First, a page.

This 2014 video from the USA says about itself:
A swarm of Sooty Shearwaters on Monterey Bay feeding with Humpback Whales.
Associated Press reports:
WASHINGTON – Sooty shearwaters may not look like much, but when it comes to travel they put marathoners, cyclists and pretty much everyone else to shame.
These gray, 16-inch birds cover 40,000 miles (64,000 kilometers) annually in search of food, the longest migration ever recorded electronically, according to a report in this week’s online edition of Proceedings of the National Academy of Sciences.
Researchers led by Scott Shaffer of the University of California at Santa Cruz, tagged shearwaters to track their movements electronically.
The birds, which can have a wingspan of 43 inches (1.1 meters), followed a figure-eight circuit over the Pacific Ocean.
They ranged north to the Bering Sea, south to Antarctica, east to Chile, and west to Japan and New Zealand, covering more than 40,000 miles in 200 days, the researchers said.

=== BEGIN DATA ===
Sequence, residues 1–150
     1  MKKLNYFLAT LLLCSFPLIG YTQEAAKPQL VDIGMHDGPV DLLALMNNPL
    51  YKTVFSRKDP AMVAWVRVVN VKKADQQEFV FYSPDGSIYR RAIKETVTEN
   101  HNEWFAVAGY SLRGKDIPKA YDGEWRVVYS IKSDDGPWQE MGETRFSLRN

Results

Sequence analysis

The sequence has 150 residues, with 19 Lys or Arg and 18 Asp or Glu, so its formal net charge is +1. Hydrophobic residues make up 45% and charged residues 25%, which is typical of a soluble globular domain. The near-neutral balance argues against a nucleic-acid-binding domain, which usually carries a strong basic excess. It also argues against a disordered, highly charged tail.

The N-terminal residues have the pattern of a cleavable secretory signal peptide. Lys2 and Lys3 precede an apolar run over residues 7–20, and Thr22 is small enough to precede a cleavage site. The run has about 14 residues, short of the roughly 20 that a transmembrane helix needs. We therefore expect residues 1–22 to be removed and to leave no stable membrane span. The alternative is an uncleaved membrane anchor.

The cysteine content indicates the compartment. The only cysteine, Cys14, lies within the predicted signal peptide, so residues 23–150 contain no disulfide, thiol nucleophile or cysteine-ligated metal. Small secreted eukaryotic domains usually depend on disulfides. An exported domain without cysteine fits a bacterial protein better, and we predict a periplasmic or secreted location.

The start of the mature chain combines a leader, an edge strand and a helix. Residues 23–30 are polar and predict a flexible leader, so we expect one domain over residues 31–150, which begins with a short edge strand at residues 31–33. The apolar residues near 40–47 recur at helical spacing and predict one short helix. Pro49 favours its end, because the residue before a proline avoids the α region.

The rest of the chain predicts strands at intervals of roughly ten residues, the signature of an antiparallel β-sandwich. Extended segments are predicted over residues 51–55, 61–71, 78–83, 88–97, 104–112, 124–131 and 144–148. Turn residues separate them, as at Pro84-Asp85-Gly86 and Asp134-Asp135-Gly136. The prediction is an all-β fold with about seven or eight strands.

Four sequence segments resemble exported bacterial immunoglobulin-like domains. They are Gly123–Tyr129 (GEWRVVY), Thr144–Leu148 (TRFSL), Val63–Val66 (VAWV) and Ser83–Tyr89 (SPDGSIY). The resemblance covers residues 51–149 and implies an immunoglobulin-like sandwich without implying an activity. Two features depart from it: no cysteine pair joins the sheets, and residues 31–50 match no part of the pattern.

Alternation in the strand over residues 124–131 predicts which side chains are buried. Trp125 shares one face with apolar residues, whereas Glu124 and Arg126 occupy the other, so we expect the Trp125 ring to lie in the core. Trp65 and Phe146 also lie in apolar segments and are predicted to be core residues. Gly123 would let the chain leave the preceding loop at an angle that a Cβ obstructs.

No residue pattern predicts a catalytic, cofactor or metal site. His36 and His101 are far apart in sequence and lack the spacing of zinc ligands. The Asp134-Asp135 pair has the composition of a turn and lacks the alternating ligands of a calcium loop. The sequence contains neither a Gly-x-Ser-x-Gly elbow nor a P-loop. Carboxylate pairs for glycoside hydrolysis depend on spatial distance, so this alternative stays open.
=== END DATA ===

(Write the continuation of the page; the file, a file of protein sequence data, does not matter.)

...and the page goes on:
They said the long trip probably helps the birds take advantage of rich feeding grounds throughout the Pacific Ocean.
Before this research, the bird with the longest known migration was the Arctic tern.
All birds are outstanding in their own way, but some are so extraordinary that they hold records for crazy statistics or amazing behavior. From the very first debate about the fastest game bird in Europe (the golden plover) that sparked the inspiration to create the Guinness Book of World Records to new records being set all the time, birds are always going to be a part of record breaking history – how many of these crazy records do you know: here.